BY KRISTEN SPINNING
The Old Farmers’ Almanac has maintained an enduring and faithful readership since its inception in 1792. Early farmers took the Almanac’s advice very seriously for planning, predictions, planting, and animal health. While the world has changed much over the centuries, the Almanac’s Best Days advice continues to be one of its most popular features, right in league with its long range weather forecasts.
There is a short astrology section in every edition of the Almanac, along with the Secrets of the Zodiac and the Man of Signs graphics. Almanac devotees use its astronomical data and astrological tables to determine the timing of a variety of events. Astrology interprets the influence that the sun and moon exert on people, animals, and even weather, while the planets are in a specific zodiac sign. The phases of the moon and its visual proximity to a constellation or a planet were, and still are, used to determine the most fortuitous times for a variety of activities. The practice is referred to as using “the Signs,” and some horse breeders still use them to determine the best days for weaning foals.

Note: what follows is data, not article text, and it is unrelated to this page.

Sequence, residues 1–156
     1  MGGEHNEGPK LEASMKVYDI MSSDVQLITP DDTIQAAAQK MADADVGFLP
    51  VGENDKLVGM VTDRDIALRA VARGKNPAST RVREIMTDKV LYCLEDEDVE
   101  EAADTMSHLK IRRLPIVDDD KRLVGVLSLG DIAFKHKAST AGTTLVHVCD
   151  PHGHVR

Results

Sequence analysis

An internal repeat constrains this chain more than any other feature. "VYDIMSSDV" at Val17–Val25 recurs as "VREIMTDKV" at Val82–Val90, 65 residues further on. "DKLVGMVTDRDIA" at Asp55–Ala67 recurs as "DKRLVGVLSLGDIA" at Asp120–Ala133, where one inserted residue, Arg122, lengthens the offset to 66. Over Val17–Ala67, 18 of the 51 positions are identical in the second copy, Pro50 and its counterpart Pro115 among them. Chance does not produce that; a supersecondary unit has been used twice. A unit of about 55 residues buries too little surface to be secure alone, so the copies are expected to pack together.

The Almanac’s astronomer, Celeste Longacre, shares her insight on the subtleties of using the Signs for weaning. She notes that the Signs have been associated with different parts of the body for centuries, saying, “You would find the same associations during Hippocrates’s time.” The first sign of the zodiac, Aries, was attributed to the head, with the rest of the signs moving down the body, and ending with Pisces at the feet. “Unlike other activities, I use the Moon’s association with Pluto to determine the best time for weaning. Pluto has to do with all things that change. When the Moon is in a favorable aspect to the planet, I feel that change is much easier. So, the actual zodiac sign that the Moon is in for weaning changes over time, as all of the planets are constantly moving.”
Most horsemen will say that there is no hard and fast time to wean a foal since age isn’t as important as physical, mental, and social development. Some opt for the three month mark, while others leave a mare and foal together until the baby is four, five, or even six months old. Regardless of the age of the foal, most everyone agrees that reducing stress for both mom and baby is vital for both to thrive. The theory of the Signs is that the physical and emotional stress of weaning will be at its lowest on certain days of the lunar cycle. Decades of anecdotal evidence and success keep this very old tradition alive and relevant in an age of scientific advances like embryo transfers and infrared thermography.Click here to read the complete article